Film: How Smart Solar Charging enables the energy transition
In the film Smart Solar Charging – Sustainable energy available anytime project partners explain how.
What sustainable energy system will there be in the future? Smart Solar Charging in the Dutch city of Utrecht is a unique solution for the energy transition through storage of sustainable energy in car batteries. Discover how with project partners in the film Smart Solar Charging – Sustainable energy available anytime.
> Watch the film (English subtitles available)
Innovative technique accessible for all
Smart Solar Charging (SSC) helps Utrecht to become the world’s first city balancing its energy needs with the bidirectional charging technique. The broadly applicable technique enables smart charging of electric cars with solar power, storing solar energy peaks in car batteries and using the energy when the energy demand is high. In this way, electric cars become part of smart power grids and increase their energetic and economic return.
From October 2019, Utrecht Science Park is the world’s first campus that offers bidirectional charging according to the new open standard ISO 15118 with thirty-two brand-new Smart Solar Charging stations. This open standard makes sure that the system of electric car sharing and charging stations is available to everyone in the automobile sector.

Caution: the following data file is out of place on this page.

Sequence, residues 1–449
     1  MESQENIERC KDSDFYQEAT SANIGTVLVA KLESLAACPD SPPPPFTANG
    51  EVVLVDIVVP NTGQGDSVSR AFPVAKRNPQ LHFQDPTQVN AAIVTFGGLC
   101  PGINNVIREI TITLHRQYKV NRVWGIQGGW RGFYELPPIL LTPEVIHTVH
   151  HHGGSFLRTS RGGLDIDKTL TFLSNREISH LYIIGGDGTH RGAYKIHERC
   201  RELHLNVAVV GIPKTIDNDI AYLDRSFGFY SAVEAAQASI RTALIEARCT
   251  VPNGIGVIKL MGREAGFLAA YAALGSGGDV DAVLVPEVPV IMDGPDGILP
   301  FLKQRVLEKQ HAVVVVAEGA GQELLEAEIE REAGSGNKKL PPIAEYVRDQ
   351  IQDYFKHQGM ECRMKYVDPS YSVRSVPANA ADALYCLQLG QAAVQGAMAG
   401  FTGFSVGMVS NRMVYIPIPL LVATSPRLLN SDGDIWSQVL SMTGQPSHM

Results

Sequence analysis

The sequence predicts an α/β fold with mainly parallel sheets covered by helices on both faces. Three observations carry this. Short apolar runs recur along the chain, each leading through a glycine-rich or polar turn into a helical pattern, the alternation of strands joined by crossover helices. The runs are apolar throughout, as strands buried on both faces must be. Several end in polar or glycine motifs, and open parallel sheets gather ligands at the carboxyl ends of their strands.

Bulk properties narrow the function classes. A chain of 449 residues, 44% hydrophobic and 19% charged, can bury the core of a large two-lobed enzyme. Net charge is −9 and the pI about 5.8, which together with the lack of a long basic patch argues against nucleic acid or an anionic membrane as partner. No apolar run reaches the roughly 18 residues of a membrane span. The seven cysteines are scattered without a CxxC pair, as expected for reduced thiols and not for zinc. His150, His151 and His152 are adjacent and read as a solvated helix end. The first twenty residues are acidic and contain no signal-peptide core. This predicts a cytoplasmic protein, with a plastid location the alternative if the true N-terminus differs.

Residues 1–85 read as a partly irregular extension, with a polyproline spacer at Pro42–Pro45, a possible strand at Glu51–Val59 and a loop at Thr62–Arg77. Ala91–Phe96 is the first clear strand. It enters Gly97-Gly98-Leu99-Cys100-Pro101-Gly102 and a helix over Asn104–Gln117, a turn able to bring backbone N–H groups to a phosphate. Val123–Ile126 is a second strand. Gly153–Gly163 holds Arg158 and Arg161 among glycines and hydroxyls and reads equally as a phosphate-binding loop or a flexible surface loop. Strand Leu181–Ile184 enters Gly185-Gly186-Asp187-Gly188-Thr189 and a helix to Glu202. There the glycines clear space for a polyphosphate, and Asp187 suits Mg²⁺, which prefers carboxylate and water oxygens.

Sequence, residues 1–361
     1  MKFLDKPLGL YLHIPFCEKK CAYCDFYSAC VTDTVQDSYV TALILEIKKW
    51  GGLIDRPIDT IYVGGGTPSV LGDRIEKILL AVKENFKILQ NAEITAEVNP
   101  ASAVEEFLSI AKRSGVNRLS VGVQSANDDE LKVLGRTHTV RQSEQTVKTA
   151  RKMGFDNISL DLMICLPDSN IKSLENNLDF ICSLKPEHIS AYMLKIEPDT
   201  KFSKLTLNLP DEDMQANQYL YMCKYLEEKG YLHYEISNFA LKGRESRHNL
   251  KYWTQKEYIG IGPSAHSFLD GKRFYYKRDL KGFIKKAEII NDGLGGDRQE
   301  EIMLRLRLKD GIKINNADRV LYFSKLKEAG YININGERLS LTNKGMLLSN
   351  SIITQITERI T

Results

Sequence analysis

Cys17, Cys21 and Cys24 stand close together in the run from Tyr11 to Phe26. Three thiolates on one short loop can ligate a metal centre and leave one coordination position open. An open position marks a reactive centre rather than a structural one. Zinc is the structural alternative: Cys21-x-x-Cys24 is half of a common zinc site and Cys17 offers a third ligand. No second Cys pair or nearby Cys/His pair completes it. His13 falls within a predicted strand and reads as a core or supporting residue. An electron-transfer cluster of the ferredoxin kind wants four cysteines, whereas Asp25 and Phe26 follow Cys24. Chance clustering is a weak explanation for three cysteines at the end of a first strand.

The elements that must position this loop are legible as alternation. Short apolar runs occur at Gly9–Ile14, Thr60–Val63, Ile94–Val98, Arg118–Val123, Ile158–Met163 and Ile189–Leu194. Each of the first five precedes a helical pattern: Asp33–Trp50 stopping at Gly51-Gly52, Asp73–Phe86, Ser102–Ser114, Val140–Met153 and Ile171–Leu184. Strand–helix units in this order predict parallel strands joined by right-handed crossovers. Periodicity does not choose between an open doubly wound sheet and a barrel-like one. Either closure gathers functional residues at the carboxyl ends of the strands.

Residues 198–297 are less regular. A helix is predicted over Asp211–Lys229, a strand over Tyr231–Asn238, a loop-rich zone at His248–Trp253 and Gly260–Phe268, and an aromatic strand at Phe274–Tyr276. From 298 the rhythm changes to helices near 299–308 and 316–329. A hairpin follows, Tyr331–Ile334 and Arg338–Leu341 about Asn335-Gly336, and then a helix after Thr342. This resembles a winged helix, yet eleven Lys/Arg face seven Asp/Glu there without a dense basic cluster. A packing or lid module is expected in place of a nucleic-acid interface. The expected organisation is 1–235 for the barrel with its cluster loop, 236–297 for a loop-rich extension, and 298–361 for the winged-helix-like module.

With living labs towards large-scale transition
By learning from practice, Smart Solar Charging is prepared for large-scale transition to the use of renewable energy sources. The energy system with electric cars as ‘batteries on wheels’ is further developed within five living labs in the Utrecht region. One of the living labs is Utrecht Science Park, where education, housing, work and health care are combined in an unique setting. Researchers and entrepreneurs work together to optimise the innovative system in the areas of energy performance, user behavior and value models.
Meet the people of this unique collaboration. Entrepreneur Robin Berg, professor Wilfried van Sark, project manager Michiel Scherrenburg, researcher Tom Wolvers and developer Matthijs Kok reflect on how living labs are required for the energy transition.